Standard & Poor’s and Moody’s Investors Service on Monday downgraded their ratings for Dow Chemical Company after Kuwait scrapped a US$17.4 billion deal to create a petrochemicals joint venture.
Dow’s shares plunged over Wall Street fears that the company’s US$18.8 billion planned purchase of rival firm Rohm and Haas may be put into question. Kuwait’s decision to pull out, announced on Sunday, “was unexpected given Dow’s recent confidence that it would close the transaction and is a significant development from both a strategic and financial profile standpoint,” Standard & Poor’s credit analyst Kyle Loughlin said in a statement.
The ratings agency said the venture would have provided nearly US$7 billion in much-need proceeds for Dow to acquire Rohm and Haas, a US specialty materials firm.
Standard & Poor’s lowered its grade by two notches for Dow from “A-” to “BBB,” the second-lowest investment grade. Moody’s cut its ratings for Dow by one notch to “BAA1,” the third-lowest investment grade, from “A3.” The US chemical giant’s shares fell 19.03 percent to close at US$15.32 in New York trade, while Rohm and Haas tumbled 16.08 percent to US$53.34.
The failed deal “substantially increases the likelihood that Dow’s credit profile will be weakened in any reasonable scenario,” Moody’s said in a statement.
Moody’s said the ratings for both Dow and Rohm and Haas would “remain under review pending final resolution of these issues.” Standard & Poor’s said it could lower its ratings again after the Rohm and Haas transaction would be completed.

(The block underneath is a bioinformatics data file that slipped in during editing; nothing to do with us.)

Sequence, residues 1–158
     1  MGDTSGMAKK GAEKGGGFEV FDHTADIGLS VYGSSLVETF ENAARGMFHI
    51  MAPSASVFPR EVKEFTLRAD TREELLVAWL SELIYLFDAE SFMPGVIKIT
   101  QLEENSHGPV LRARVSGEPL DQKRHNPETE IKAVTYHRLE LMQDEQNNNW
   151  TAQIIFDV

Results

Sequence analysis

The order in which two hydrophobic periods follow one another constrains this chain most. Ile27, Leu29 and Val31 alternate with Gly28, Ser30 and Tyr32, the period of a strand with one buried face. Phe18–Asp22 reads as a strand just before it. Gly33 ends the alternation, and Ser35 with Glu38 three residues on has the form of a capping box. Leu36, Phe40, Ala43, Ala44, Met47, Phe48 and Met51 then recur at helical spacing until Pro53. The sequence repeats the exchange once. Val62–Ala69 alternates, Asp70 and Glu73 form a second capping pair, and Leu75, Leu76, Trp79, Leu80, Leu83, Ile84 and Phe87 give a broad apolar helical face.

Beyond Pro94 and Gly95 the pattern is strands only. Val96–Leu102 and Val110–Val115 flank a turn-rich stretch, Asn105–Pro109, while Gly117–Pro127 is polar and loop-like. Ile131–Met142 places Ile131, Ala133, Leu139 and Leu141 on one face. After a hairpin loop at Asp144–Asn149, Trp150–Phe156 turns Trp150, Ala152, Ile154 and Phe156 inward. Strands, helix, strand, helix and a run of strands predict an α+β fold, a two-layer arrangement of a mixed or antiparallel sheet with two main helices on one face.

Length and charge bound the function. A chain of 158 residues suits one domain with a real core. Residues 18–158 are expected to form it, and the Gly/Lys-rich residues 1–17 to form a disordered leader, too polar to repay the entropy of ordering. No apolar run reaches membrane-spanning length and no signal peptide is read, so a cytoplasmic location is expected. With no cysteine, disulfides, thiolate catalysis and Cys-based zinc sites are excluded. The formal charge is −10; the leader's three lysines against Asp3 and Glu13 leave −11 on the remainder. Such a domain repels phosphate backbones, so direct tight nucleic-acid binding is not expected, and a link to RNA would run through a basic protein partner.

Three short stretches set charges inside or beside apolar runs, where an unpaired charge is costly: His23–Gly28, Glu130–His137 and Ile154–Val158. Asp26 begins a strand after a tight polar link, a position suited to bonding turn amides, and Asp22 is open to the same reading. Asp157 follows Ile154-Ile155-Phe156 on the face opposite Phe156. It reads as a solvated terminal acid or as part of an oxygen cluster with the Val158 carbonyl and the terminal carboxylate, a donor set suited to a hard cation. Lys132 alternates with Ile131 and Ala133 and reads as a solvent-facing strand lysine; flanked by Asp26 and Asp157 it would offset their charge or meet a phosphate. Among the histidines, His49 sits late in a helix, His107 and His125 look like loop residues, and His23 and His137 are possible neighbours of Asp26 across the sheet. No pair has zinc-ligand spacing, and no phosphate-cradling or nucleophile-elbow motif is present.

Kuwait said it was canceling an agreement, signed last month, for state-owned Petrochemicals Industries Co to pay US$7.5 billion for a stake in a 50-50 joint venture with Dow Chemical to be called K-Dow Petrochemicals.
Under the agreement, Dow would have contributed assets, including plants and research center in several countries. The government was forced to scuttle the deal in the face of opposition from Kuwaiti lawmakers who alleged the value of those assets had plummeted due to the global financial crisis.
Moody’s said its “downgrade reflects the likelihood that the political situation in Kuwait will make it more difficult to successfully complete the K-Dow transaction even at a lower price, and the lack of any contractual exit from the Rohm and Haas acquisition.”
Dow said it was “extremely disappointed” by the Kuwaiti government’s decision and was evaluating its options under the joint-venture agreement but remained committed to its Middle East strategy.
Had the deal not been scrapped before Jan. 1, when it was due to become effective, Kuwait would have been liable to pay a penalty of up to US$2.5 billion.